All models are wrong; some models are useful.
-- generally attributed to the statistician George Box
Nonsense. Given that a model is, by definition, a simplified
representation of "the real world," then it must be possible to have models that are "right." The key question is, "wrong" or "right" for what specific purpose?
If I develop a model that captures enough of a problem domain to help me build good software that does what my users need it to do, then that model was not just "useful," it was also "right" for the purpose.
The saying AMAWSMAU resonates with me, so I could say that this particular saying is right for my purposes. For you, the saying AMAWSMAU doesn't resonate, so it is not right for your purposes.
I interpret "wrong" as "not = real world". You seem to be saying that, for you, the word "model" includes the concept of simplified/approximate/not = real world, so the word "wrong" is redundant.
Yes, but I'm certainly not the only one who interprets model that way. Look it up in any textbook. Here's what I find in my Webster's New World Dictionary (2nd Edition, 1978) under model
: "1.a) a small copy or imitation of an existing object, as a ship, building, etc., made to scale; b) a preliminary representation of something, serving as the plan from which the final, usually larger, object is to be constructed; c) same as ARCHETYPE (sense 1); d) a hypothetical or stylized representation, as of an atom..." and so on. And that's just the generic dictionary definition. The various books by Booch that I've read, and the UML texts, make it crystal clear that each kind of model only captures some particular aspect of reality; each one has strengths and weaknesses. You need many, good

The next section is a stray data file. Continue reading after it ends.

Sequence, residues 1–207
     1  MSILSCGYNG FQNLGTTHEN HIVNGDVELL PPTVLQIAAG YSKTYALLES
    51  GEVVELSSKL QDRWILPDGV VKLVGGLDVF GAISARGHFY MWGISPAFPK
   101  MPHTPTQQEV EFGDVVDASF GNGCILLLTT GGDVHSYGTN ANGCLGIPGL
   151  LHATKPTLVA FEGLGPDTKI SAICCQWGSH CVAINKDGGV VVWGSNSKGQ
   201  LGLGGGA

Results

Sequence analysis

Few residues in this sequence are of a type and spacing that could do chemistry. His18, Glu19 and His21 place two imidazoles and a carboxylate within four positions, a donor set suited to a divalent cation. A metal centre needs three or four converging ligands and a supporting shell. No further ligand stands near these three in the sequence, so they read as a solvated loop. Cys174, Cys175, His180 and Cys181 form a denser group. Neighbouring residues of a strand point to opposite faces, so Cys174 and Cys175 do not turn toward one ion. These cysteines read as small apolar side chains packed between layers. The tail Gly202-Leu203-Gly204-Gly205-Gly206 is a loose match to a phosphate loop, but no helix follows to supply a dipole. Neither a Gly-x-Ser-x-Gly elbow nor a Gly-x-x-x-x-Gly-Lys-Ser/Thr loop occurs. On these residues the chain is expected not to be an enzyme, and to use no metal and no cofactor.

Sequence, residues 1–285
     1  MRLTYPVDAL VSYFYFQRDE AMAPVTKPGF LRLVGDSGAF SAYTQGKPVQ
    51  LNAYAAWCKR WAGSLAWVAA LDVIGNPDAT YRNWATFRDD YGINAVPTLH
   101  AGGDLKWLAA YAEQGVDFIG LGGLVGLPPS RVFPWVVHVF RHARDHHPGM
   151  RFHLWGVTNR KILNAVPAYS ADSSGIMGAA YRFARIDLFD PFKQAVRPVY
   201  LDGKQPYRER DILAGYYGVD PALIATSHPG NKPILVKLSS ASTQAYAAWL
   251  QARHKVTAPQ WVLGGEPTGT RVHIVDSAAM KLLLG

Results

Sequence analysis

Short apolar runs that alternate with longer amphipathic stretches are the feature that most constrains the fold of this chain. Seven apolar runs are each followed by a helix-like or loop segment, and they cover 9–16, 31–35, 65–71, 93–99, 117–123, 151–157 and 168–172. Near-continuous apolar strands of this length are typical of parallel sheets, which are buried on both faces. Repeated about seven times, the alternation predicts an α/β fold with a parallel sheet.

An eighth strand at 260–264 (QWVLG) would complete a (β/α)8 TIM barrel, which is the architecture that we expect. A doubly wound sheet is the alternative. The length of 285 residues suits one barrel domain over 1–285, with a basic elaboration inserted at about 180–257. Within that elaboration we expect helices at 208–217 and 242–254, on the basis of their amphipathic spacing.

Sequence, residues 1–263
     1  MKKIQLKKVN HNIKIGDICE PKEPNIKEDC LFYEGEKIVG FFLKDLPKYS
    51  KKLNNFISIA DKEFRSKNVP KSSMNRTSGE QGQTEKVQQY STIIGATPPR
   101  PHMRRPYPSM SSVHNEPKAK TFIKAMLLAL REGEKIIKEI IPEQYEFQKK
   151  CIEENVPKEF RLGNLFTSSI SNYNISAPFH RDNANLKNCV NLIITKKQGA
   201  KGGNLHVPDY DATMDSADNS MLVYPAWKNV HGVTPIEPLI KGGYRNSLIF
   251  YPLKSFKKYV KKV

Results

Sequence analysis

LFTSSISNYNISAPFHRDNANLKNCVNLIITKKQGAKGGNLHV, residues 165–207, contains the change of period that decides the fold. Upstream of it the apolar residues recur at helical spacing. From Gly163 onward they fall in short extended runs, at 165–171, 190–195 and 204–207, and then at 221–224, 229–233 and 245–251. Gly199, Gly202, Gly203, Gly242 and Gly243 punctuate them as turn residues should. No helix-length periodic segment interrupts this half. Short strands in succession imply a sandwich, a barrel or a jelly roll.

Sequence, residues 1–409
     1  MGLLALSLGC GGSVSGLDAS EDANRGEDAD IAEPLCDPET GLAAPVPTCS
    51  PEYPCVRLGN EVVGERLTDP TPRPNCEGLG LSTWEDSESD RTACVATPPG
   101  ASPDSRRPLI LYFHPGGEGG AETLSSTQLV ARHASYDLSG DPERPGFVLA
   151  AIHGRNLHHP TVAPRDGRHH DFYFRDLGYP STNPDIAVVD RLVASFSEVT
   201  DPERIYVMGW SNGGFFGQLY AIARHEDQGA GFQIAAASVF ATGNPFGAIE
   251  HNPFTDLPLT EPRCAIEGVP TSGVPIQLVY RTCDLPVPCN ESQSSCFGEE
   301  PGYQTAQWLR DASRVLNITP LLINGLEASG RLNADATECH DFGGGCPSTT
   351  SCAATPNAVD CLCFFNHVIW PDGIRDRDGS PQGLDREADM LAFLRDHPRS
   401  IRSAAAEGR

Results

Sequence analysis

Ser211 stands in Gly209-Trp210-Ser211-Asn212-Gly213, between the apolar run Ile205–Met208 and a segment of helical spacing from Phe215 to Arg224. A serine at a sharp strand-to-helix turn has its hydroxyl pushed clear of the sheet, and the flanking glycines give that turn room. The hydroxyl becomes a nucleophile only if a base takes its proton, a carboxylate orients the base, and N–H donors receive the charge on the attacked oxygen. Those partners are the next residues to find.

models to even hope to understand a problem domain well enough to build a successful system. And should any question or doubt arise, you should always be ready to go back to the users and get them to explain their reality for you. I don't think any proponent of UML or other models would claim that models are all you need to build good software. But models can be very useful tools.
How does "All models are models; some models are useful" resonate with you?
Better, yes, but "models are models" sounds like a truism -- obvious and pointless. I suppose we could say "All models are incomplete representations of reality; some models are useful." Wordy, but more accurate...
Hmmm. Sounds promising. I guess "All models are incomplete; some models are useful" works for me as well as the original, and apparently is getting a little closer to your point of view, too.
Hmmm, hmmm. Or maybe "All models are lacking; some models are useful". I kind of like the double meaning. But I think I see a pattern. Putting trigger words like "wrong" or "lie" or "bad" in cute little sayings is not always helpful.
It's just about setting expectations, nothing more. In the context in which a model was developed it is likely to be useful. Waterfall model was. In subsequent contexts, it gets subjected to a whole different range of tests, and inevitably found defective, which leads its disappointed users to assert "The model is wrong
!". This may lead to throwing out the model, flipping the bozo bit on the model, ignoring the model for all future cases. Well, this is what new generations do, so we shouldn't expect too much improvement in this area. But pointing out that while a model may fail for the current purpose, it's still useful for its original purpose may be part of a sensible conservatism that helps us leverage history into intelligence. I like AMAWSMAU